It’s that time of year again, fellas — yes, AskMen.com has compiled the data for its annual Great Male Survey, crunched the numbers, and published the results. If you want to put your finger on the pulse of what dudes are thinking, look no further — and if you’ve been feeling like this year’s crop of summer blockbusters is one of the least exciting to come out of Hollywood in recent memory, you can at least take solace in the knowledge that most of the guys who responded to the survey agree with you. Yes, it’s sad but true: When asked to name the movie of the summer so far, 39 percent of respondents answered “None.” Here’s how it all broke down:

Q. What has been the best summer movie of 2009 to date?
39% – None
28% – Star Trek
21% – Transformers II
08% – X-Men Origins: Wolverine
04% – Terminator Salvation

Not exactly good news for the folks who depend on cash registers ringing at the cineplex — and it doesn’t get any better for the rest of the summer, either. When asked to identify the film they were most eagerly anticipating, 26 percent of respondents answered “Public Enemies,” whose generally lukewarm reviews and good-but-not-great box office returns have been something of a letdown for Universal. In second place, with 22 percent? That bastard “None.”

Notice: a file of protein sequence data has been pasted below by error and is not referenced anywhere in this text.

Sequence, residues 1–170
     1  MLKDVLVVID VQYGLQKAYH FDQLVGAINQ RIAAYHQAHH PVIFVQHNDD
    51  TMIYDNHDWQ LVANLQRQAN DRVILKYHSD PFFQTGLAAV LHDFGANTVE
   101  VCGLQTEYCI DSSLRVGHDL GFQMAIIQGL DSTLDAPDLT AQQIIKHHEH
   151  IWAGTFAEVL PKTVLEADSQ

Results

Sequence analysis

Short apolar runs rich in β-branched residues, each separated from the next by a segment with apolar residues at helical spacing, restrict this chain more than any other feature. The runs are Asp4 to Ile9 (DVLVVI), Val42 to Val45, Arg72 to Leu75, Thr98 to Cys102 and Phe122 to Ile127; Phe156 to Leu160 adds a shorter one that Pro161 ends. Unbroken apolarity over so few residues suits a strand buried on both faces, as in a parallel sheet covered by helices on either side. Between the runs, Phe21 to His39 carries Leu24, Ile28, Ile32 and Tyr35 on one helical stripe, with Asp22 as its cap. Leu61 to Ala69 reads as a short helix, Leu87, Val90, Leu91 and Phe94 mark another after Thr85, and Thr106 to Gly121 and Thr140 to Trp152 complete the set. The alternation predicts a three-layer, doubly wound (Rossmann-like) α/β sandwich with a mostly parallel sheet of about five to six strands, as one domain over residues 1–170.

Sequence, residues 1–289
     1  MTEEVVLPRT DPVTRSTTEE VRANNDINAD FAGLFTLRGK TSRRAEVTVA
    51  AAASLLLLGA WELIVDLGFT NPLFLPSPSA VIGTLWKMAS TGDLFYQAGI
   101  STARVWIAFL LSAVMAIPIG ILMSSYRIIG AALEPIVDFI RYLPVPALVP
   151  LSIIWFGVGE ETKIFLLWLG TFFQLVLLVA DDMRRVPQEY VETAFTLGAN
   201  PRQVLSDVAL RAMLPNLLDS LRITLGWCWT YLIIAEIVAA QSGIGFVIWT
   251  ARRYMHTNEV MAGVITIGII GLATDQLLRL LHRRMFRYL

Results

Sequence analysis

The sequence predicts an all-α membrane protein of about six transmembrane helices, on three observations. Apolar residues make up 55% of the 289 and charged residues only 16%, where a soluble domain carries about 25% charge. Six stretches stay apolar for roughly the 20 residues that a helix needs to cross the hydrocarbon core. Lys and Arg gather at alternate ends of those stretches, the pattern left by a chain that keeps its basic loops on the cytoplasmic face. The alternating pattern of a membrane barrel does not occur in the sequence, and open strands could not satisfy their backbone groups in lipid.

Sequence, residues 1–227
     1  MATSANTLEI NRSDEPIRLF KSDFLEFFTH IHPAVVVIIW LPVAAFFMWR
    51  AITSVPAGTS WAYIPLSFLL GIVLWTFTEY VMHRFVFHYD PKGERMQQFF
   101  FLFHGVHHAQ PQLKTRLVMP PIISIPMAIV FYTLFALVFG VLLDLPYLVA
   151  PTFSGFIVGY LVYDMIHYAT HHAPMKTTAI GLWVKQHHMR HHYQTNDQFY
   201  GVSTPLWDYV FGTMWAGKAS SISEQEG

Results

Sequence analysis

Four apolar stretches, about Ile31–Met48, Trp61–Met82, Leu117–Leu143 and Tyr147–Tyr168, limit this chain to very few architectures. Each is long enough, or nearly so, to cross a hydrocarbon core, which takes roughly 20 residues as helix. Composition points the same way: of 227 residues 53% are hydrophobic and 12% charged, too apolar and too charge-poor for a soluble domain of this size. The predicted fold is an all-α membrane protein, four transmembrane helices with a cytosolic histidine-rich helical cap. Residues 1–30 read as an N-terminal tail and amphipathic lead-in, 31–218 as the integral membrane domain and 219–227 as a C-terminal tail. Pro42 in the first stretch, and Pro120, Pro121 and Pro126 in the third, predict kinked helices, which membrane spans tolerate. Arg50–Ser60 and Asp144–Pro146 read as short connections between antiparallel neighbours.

Q. Which forthcoming summer 2009 movie are you most looking forward to?
26% – Public Enemies
22% – None
18% – Bruno
18% – G.I. Joe: The Rise of Cobra
16% – Inglourious Basterds

So guys aren’t happy with what has been in theaters this summer, and they aren’t happy about what’s going to be in theaters — so where’s the silver lining for Hollywood? Well, if you’re in the network business, or worried about warding off the TV ratings drift toward streaming Web content, you’ll be happy to know that although 75 percent of respondents listed their computer monitor as the screen they spend the most time in front of, 49 percent of them still watch their favorite TV series the old-fashioned way: Episode by episode, as it’s broadcast live. You might be hearing about TiVo, Hulu, and TV on DVD all the time, but if the jump away from live TV is happening, it’s occurring more slowly than you might think.

The worst news, as it turns out, is for the PR flacks that work for Barack Obama and Paris Hilton — the male and female celebs that respondents named as the public figures they’re most tired of hearing about (although, to be fair, Obama tied with — you guessed it — “None”). Overexposure, plain old dislike, or blind button pushing? You decide — and make sure you check out the rest of the Great Male Survey to see what guys are thinking about cars, sports, and entertainment!

  

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Brüno earns his umlaut